There appears to be a neverending streak of cosy Christmas noels out there.
Many of them are delightfully written, giving us 300 or so pages in which to sink into a world, usually composed of a quirky but loving English village, a shop of some kind that usually serves comfort food and a person nursing past hurt that wants to find love or community or preferably both, which is a far cry from the grinding reality of our day-to-day lives.
The attraction is clear – who among us hasn’t craved re-invention, unconditional love and acceptance, and a chance to realise life’s full love-filled potential?
The Cosy Christmas Chocolate Shop delivers us to just such a magical place, introducing us to Emma, a 36-year-old woman who moved to the fictional town of Warkton-by-the-sea, situated about twenty minutes from the very real community of Alnwick, six or so years after a profound personal tragedy caused her to reassess her life and seek fulfilment somewhere other than the town where some painful memories lay.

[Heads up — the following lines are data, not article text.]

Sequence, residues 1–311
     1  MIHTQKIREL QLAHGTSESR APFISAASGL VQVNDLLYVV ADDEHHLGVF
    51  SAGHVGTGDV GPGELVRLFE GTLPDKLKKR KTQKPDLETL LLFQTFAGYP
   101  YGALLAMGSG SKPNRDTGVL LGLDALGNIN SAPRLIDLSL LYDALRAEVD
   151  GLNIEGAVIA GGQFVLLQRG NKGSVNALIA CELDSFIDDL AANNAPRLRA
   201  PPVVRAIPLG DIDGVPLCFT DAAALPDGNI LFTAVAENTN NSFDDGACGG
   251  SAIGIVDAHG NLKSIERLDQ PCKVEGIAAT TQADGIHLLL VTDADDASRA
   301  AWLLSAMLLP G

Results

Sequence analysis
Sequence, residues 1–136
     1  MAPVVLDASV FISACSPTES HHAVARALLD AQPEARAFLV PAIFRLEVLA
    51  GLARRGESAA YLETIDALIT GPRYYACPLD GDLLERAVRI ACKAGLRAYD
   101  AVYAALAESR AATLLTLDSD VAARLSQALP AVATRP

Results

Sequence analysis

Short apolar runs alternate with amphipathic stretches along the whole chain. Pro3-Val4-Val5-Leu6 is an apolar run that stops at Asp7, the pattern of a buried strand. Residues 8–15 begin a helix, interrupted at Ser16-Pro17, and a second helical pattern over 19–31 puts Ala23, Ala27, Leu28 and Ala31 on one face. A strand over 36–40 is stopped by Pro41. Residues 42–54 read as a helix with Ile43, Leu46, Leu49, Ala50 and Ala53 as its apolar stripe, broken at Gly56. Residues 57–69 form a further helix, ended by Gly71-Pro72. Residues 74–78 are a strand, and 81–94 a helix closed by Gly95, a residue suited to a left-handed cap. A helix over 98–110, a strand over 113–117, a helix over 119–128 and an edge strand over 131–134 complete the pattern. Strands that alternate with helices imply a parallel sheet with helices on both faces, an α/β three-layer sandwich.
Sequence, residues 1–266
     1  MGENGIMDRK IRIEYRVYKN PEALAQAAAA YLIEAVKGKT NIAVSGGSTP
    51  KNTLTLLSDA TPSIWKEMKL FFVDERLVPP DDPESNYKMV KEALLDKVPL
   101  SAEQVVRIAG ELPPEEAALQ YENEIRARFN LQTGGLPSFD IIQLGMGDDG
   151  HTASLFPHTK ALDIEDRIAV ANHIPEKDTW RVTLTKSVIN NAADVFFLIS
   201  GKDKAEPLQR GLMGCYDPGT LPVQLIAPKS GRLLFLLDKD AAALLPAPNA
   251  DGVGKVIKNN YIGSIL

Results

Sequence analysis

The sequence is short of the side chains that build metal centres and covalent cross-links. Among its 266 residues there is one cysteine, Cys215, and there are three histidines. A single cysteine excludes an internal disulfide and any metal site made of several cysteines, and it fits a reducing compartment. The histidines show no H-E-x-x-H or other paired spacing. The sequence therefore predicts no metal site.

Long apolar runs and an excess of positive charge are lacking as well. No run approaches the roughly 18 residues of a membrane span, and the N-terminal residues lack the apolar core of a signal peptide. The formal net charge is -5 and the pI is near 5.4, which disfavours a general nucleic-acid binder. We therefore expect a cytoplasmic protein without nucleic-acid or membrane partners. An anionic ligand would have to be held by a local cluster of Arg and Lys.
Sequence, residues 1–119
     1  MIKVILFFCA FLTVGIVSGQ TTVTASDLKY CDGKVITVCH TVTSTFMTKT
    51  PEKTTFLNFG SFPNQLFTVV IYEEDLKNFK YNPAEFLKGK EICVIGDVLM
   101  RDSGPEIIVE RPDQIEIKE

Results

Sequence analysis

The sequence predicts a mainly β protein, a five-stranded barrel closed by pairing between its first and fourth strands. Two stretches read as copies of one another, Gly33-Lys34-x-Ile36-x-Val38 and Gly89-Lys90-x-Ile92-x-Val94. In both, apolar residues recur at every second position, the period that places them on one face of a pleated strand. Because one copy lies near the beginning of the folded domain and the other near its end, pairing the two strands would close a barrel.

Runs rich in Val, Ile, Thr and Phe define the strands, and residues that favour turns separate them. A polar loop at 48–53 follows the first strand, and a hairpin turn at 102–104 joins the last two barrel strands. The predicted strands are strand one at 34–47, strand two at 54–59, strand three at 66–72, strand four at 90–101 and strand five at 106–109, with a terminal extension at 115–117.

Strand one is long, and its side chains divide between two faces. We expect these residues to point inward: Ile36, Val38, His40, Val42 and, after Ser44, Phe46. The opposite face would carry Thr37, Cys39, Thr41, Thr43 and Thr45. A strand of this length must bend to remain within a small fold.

Her move has been a largely successful one, with a best friend in Bev (and her husband Pete), and friendships with many of the chocolate shop customers, all of whom give Emma a reassuring sense that she belongs in her new community and that moving there all those years ago was the exact right thing to do.
“Four o’clock, Christmas Eve afternoon, the till was pinging, the shop door chiming, and still the queue of last-minute shoppers continued to grow. Emma, proud owner of this gorgeous little chocolate shop in the harbour village of Warkton-by-the-Sea, Northumberland, and her assistant, Holly, were buzzing about like Christmas elves. In fact, they looked very much like elves, dressed as they were in their festive jumpers, Holly with a Christmas pudding across her chest and Emma red-nosed reindeer.” (P. 4)